Giant Sigmoid Lipoma with Bowel Intussusception

Lakshmi Kant Pathak, Chirag Chavda, Vimala Vijayaraghavan

American Journal of Medical Case Reports OPEN ACCESSPEER-REVIEWED

Giant Sigmoid Lipoma with Bowel Intussusception

Lakshmi Kant Pathak1,, Chirag Chavda2, Vimala Vijayaraghavan3

1Assistant Professor of Medicine, University of North Dakota, Sanford Hospital, Fargo, USA

2Methodist Health System, Dallas, USA

3Carribbean Medical School, Chicago, USA

Abstract

Colonic lipomas are rare mesenchymal tumors that are usually asymptomatic but occasionally can cause acute presentation with GI bleed and intussusception in adults. There overall incidence of this complication is less than 1 %. Most are less than 5 cm and the largest reported in literature is of 10 cm .This case reports a giant colonic lipoma measuring 10x8 cm causing Colo-colonic intussusception. Such large lesions have increased incidence of complications and often are confused with malignancy.

Cite this article:

  • Lakshmi Kant Pathak, Chirag Chavda, Vimala Vijayaraghavan. Giant Sigmoid Lipoma with Bowel Intussusception. American Journal of Medical Case Reports. Vol. 3, No. 7, 2015, pp 216-217. http://pubs.sciepub.com/ajmcr/3/7/9
  • Pathak, Lakshmi Kant, Chirag Chavda, and Vimala Vijayaraghavan. "Giant Sigmoid Lipoma with Bowel Intussusception." American Journal of Medical Case Reports 3.7 (2015): 216-217.
  • Pathak, L. K. , Chavda, C. , & Vijayaraghavan, V. (2015). Giant Sigmoid Lipoma with Bowel Intussusception. American Journal of Medical Case Reports, 3(7), 216-217.
  • Pathak, Lakshmi Kant, Chirag Chavda, and Vimala Vijayaraghavan. "Giant Sigmoid Lipoma with Bowel Intussusception." American Journal of Medical Case Reports 3, no. 7 (2015): 216-217.

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At a glance: Figures

1. Introduction

Colonic lipomas are rare non epithelial tumors with reported incidence between 0.2 % and 4 %. They arise from submucosa as sessile mass but occasionally can be pedunculated. Large lipomas can develop superficial necrosis and bleeding and result in bloody stool. Less than 1% is reported to cause bowel obstruction or intussusception as complication requiring surgical resection. They can rarely grow to large size to form giant lipomas and mimic malignancy.

2. Case Report

A 41 year old man saw his primary care physician for abdominal pain of two days duration associated with bright red rectal bleeding. A CT scanat of the abdomen showed intussusception in the sigmoid colon with the tip at the recto sigmoid junction. There was a well circumscribed partly fatty density at the tip of the intussusception about 8 cm in diameter. The mass was severely edematous suggesting strangulation. The patient was brought to the operating room and intraoperative colonoscopy revealed an obstructive lesion in the sigmoid colon that appeared grossly to be a lipoma with active bleeding and necrosis. It was not felt to be amenable to colonoscopic resection. A laparoscopic robotic sigmoid colectomy was performed and a 10 X 8 cm mass was removed (Figure 1 and Figure 2).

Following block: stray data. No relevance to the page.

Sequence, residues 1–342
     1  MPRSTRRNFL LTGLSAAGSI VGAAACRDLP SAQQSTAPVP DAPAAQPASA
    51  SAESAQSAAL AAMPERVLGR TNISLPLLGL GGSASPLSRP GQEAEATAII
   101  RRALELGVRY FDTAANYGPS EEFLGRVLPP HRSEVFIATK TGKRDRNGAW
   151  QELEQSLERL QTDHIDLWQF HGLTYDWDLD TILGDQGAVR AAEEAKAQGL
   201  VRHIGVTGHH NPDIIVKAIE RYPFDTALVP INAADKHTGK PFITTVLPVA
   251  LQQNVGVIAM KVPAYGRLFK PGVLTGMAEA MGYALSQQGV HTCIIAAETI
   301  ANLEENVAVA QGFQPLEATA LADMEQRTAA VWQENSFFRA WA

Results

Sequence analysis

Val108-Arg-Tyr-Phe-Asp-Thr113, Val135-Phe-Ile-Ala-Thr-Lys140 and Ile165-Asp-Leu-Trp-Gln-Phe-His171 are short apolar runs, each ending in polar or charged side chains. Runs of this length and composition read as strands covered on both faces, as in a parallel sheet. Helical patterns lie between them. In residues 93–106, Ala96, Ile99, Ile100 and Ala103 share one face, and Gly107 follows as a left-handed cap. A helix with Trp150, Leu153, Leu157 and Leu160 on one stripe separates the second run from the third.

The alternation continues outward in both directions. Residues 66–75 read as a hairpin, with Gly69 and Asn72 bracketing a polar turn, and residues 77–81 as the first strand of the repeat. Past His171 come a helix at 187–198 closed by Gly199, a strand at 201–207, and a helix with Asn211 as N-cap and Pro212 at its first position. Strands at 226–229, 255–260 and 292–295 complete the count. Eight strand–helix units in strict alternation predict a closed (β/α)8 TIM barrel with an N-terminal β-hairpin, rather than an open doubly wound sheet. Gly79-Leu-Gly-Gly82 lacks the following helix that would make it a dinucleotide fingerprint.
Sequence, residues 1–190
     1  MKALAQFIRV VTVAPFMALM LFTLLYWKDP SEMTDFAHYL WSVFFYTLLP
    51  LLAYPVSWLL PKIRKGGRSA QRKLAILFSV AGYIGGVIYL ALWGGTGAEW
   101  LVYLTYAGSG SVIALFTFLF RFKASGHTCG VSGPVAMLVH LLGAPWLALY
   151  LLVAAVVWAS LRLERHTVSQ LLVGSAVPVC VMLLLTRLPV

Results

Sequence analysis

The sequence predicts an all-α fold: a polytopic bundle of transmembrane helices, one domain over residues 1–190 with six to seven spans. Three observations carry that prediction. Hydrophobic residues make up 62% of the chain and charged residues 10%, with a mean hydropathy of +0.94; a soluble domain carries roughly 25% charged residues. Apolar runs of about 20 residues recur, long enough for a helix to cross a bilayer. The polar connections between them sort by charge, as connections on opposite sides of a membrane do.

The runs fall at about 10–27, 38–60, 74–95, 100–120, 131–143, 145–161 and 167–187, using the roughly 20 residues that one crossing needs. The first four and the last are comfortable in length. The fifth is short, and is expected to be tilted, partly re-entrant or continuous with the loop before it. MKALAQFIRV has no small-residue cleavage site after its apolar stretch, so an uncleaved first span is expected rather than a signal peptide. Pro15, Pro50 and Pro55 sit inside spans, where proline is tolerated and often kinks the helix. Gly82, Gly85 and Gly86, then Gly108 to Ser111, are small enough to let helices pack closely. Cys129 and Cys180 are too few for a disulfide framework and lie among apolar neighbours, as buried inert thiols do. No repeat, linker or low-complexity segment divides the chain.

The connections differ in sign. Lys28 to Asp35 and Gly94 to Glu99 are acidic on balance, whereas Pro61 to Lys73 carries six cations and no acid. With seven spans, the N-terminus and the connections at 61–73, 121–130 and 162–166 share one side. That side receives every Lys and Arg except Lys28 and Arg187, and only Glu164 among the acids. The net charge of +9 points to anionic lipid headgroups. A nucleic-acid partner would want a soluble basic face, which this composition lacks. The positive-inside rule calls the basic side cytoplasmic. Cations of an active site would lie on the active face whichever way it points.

The gross specimen showed a large sessile polypoid mass in the sigmoid colon with areas of ulceration and bleeding.

Histo- pathologically confirmed a sub mucosal lipoma with hemorrhage, necrosis and inflammation (Slides 1&2).

Figure 1. Gross specimen and cross section of necrotic lipoma
Slide 1. Histopathology slide from lipoma showing adiposetissue with inflammatory cells and focal fat necrosis
Slide 2. Histopathology slide showing sub mucosal lipoma with necrosis and congestion of Overlying mucosa

The patient made an uneventful recovery and was discharged home. No blood transfusions were required.

3. Discussion

Colonic lipoma is rare non epithelial benign tumors of large intestines. They are usually asymptomatic and incidentallyfound during colonoscopy or surgery. Most case of bowel obstruction in adults is due to malignant lesions including colon carcinoma and only less than 1% of the cases are on account of lipoma. The commonsites for colonic lipoma is cecum, ascending colon and sigmoid colon in decreasingorder [1].

They are more common in women and peak incidence is in 5th-6th decade [2].

The clinicalpresentation varies from abdominal pain, vomiting, and rectal bleeding and bowel obstruction [1, 2]

Large lipomas are more likely to cause intussusception, strangulation and ischemia. [1] Therefore size is a predictor of symptomology and complications. The largest reported lipoma in literature is around 10 cm which is similar to this one. [3] This lipoma was edematous, with surface hemorrhage and necrosis suggestive of infarction.

CT scan is the initial choice of investigation for colonic lipomas but large lipoma with necrosis and edema may easily be mistaken for a colonic cancer or large adenomatous polyp.

Colonoscopy can usually differentiate from other lesions but it can be difficult when the lipoma is large with areas of necrosis. Histopathology after surgical or endoscopic resection provides the definitive diagnosis.

Learning points: 1 Colonic lipoma is a rare cause of intussusception.

2. Larger lesions present with severe symptoms.

3 Larger colonic Lipoma can mimic cancer and dysplastic polyps and therefore histopathology is needed for definitive diagnosis.

References

[1]  Geetha Nallamothu, MD1 and Douglas G. Adler, MD1,2 Large Colonic Lipomas, Gastroenterol Hepatol (N Y). 2011 July; 7(7): 490-492.
In article      
 
[2]  Bahadursingh AM, Robbins PL, Longo WE. Giant submucosal sigmoid colon lipoma. Am J Surg 2003; 186: 81-2.
In article      View Article
 
[3]  S Sarker. Lipoma of the Descending Colon Causing Acute Large-Bowel Intussusception. The Internet Journal of Surgery. 2009 Volume 22 Number 1.
In article      
 
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